David Johnson Biography | Oil Painting Reproductions
5-10-1827 New York, USA – 1-30-1908 Walden, USABack to Artist IndexView Artists Paintings
David Johnson (the Artist) studied for two years at the National Academy of Design and also studied with the Hudson River School artist Jasper Francis Cropsey. Along with John Frederick Kensett and John William Casilear, he was best known for the advancement of Luminism, as one of the second generation of Hudson River School painters.
By 1850, at the age of twenty-three, David Johnson was already exhibiting at the National Academy of Design in New York, where he became an associate in 1859, and two years later elected a full Academician.
Johnson's signature works are usually small canvases, tightly painted, and richly colored. Based on preparatory drawings and investigations of particular trees in their regular habitat, his canvases are precise representations of Northeastern landscapes.
David Johnson's most noteworthy achievement was accomplished during the mid-1870s when he displayed artworks of such popular locales as the Catskill Mountains, Lake George, and the White Mountains. He was the only important artist of the time to visit and paint the pastoral scenes of central New York State. He exhibited in the major American art centers of Chicago, Boston, and Philadelphia, and in 1877 at the Paris Salon. Seeing the new artwork trends in France, his work changed to reflect the influence of the French Barbizon School, but this looser, less detailed style was criticized by his colleagues.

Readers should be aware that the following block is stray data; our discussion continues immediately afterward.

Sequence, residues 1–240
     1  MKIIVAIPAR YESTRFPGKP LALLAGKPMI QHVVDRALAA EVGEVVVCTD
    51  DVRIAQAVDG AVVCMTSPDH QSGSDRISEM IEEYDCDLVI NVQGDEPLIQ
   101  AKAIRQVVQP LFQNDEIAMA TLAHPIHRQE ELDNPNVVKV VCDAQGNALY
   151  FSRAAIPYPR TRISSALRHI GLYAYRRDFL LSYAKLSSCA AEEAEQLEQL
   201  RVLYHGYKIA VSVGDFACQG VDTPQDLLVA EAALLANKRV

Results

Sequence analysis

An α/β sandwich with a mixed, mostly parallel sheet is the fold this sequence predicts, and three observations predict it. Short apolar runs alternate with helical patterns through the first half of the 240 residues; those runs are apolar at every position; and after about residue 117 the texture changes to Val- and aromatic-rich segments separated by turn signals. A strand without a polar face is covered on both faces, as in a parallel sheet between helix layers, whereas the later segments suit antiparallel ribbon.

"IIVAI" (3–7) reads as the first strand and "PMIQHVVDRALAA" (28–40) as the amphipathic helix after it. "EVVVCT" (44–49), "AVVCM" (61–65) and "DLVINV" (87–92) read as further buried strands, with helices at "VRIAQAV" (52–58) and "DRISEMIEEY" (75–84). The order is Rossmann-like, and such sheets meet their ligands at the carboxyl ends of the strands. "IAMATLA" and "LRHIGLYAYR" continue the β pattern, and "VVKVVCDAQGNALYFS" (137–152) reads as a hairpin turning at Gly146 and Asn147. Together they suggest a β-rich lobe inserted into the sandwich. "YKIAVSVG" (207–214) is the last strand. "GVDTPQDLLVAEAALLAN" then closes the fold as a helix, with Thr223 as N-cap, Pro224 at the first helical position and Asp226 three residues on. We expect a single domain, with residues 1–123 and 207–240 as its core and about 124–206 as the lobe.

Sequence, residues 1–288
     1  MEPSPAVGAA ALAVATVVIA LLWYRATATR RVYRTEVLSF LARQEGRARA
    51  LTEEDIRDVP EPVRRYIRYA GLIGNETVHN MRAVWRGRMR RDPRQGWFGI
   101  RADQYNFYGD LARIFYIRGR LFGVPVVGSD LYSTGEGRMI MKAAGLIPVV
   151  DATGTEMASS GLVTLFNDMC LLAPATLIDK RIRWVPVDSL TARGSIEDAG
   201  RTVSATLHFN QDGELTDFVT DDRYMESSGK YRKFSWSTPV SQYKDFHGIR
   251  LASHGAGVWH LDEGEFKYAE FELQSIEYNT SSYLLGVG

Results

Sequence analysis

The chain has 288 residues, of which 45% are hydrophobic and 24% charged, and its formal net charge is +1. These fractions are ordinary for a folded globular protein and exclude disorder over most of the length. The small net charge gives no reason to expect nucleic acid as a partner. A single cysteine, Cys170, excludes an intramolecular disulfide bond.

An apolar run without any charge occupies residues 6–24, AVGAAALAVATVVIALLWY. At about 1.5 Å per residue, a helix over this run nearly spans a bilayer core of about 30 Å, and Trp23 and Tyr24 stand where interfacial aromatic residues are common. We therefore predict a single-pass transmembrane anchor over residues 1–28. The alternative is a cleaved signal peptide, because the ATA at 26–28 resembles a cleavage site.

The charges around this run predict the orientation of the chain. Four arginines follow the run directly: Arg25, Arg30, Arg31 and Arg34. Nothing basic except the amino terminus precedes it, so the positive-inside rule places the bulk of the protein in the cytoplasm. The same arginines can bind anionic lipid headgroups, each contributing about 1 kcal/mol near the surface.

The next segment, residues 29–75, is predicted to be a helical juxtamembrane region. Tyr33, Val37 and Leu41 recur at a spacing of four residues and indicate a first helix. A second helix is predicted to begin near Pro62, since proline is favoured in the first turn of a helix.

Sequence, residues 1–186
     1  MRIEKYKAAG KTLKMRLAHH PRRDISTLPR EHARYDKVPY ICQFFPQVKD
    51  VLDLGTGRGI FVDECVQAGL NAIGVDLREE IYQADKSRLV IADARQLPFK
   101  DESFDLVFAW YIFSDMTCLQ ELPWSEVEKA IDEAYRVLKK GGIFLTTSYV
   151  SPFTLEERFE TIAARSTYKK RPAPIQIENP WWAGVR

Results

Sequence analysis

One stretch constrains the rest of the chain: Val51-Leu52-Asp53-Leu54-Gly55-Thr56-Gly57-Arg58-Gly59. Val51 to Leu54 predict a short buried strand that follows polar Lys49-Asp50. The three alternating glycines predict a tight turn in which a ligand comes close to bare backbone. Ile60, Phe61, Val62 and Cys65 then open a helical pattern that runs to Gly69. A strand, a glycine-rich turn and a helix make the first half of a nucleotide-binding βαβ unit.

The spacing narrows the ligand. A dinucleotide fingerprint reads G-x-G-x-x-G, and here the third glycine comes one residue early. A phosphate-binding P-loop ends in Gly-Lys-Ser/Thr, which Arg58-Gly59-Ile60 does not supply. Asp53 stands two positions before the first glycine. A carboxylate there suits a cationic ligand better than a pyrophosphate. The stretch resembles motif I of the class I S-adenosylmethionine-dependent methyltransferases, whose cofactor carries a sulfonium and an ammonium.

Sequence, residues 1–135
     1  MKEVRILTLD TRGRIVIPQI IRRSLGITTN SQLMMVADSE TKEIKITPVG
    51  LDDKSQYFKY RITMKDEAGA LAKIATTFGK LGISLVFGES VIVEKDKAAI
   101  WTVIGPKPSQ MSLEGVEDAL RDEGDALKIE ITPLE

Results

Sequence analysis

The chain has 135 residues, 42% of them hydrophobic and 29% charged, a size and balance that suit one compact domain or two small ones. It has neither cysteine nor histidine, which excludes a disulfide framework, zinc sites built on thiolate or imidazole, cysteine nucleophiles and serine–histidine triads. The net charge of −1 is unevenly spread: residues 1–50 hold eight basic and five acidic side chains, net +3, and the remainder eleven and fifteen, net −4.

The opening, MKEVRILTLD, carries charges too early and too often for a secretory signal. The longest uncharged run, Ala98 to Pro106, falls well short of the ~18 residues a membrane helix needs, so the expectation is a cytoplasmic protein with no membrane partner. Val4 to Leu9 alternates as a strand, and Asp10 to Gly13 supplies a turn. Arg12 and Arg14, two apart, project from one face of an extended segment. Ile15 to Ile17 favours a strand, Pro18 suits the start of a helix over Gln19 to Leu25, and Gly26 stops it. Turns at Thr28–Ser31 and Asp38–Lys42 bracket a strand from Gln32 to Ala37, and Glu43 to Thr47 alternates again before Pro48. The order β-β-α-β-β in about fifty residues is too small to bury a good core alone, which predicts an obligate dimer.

Art Movement: Hudson River School, Luminism.
Artists Influencing David Johnson: Jasper Francis Cropsey.
He Traveled To France.
Artist's Biography compiled by Albert L. Mansour at The World's Artist, with text adapted from Wikipedia.